Here are the influential voices leading the conversations where nonprofits and technology overlap.
Months after the disaster in Japan, the country struggles to rebuild from the devastation caused by the earthquake, tsunami and nuclear crisis. That tragic event reminds us that disaster can happen at any time, with little warning.
A critical component of business continuity and disaster recovery planning is ensuring that workers can remain productive even if they cannot commute to their regular offices. That requires remote access to company systems and resources to keep operations running.
Our company experienced this firsthand in February when a blizzard walloped the Chicago area. Though CDW executives decided to close several facilities the next day, IT preparations and the use of Citrix XenApp application virtualization allowed approximately 1,700 coworkers to access the network remotely and work from home. Remote access effectively eliminated typical winter disruptions of absenteeism and decreased productivity.
Remote-access implementations serve companies well not only during severe weather, flu outbreaks or natural disasters, but also to support telework initiatives. For example, CDW’s XenApp application virtualization deployment gives many coworkers the opportunity to work from home on a regular basis. That’s a win-win for everyone — telework improves morale and aids work/life balance while boosting productivity.
Mike Pflieger, senior director of IT operations for CDW, outlines the advantages of application virtualization: “It brings us closer to our goal of providing ubiquitous network access. This is when staff can work from basically anywhere and on any device,” he says. And IT administrators can roll out new applications, patches and updates at the click of a button to almost every device on the network.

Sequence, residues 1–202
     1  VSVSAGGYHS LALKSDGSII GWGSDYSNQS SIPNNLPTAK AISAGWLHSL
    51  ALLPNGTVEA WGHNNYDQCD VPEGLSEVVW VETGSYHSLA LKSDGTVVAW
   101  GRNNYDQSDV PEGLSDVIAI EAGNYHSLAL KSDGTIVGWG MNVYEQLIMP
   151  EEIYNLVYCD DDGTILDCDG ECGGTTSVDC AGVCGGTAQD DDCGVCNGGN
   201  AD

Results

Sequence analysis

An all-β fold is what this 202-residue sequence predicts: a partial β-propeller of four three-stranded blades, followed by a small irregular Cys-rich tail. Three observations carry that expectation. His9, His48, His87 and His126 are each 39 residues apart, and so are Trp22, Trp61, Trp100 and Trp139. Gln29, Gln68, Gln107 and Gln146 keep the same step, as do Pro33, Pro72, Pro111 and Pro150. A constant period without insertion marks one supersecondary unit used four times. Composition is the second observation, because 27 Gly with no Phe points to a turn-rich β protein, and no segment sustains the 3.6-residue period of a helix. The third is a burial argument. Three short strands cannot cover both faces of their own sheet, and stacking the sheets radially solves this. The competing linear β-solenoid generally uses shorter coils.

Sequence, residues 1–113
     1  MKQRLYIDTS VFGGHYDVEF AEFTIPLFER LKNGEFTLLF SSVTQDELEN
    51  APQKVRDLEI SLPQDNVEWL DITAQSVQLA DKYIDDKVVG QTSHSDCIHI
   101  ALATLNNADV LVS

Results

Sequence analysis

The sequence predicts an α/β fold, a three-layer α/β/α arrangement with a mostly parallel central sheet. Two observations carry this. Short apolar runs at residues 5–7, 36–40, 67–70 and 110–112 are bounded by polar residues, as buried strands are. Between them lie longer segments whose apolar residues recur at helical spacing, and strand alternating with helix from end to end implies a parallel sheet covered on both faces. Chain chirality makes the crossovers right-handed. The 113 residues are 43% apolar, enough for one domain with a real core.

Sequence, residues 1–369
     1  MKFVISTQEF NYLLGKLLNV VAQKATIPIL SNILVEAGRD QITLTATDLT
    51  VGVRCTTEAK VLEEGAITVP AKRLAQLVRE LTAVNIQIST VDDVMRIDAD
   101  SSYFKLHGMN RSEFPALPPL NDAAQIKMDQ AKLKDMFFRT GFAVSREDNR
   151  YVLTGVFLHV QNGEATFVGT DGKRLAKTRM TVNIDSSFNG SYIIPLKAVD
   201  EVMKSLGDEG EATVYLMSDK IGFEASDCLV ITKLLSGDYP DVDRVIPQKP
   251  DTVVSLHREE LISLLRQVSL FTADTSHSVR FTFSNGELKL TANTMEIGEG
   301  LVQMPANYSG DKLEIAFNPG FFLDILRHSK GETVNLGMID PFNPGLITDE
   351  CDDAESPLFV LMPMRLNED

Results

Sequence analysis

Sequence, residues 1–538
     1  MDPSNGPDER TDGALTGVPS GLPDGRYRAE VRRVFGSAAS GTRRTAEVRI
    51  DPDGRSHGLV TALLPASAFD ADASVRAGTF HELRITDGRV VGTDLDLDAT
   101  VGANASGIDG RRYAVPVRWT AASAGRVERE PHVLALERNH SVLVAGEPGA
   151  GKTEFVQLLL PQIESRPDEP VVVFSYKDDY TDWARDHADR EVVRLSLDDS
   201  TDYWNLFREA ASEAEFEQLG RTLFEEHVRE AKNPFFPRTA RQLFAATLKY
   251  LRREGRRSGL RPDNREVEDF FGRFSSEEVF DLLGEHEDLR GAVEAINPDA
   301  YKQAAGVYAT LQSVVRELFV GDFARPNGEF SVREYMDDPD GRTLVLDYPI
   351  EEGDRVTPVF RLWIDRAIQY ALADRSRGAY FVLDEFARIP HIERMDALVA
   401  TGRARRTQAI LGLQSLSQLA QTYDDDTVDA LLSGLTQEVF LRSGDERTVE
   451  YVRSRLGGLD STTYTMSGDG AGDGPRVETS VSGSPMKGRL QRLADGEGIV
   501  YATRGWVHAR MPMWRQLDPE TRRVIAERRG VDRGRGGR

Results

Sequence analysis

Such network accessibility must happen in more companies, according to the results of CDW’s Business Continuity Straw Poll. Based on responses from 200 IT decision-makers at medium and large U.S. businesses that had incurred network disruptions, the survey explores how businesses reacted to disruptions and what measures they are taking to improve business continuity and disaster recovery capabilities.
Estimated cost of lost profits that U.S. businesses incurred because of network outages in 2009
SOURCE: CDW Business Continuity Straw Poll, 2010
Although 53 percent of respondents said employees are instructed or given the option to work from home when a foreseeable network disruption approaches (such as a weather event), only a third of businesses have communications and network systems on standby that can support increased remote access when warned of such an event.
And while respondents to the business continuity poll offer regular telework options to 44 percent of employees, on average, only 39 percent of those employees could telework during recent network outages.
So what should businesses do to leverage mobility? Identify all positions critical to business continuity and ensure that those staff members are trained and equipped to telework, even if they don’t telework regularly. Ensure there are redundant connections and build in enough capacity to handle spikes in demand. Finally, roll out application or client virtualization to give workers access to all the systems they need to do their jobs, regardless of location.
Certainly when disaster strikes, employees’ first responsibility is to their families. But when they can work remotely, such advanced preparation improves the likelihood that they’ll have access to the data they need, when they need it, from any location.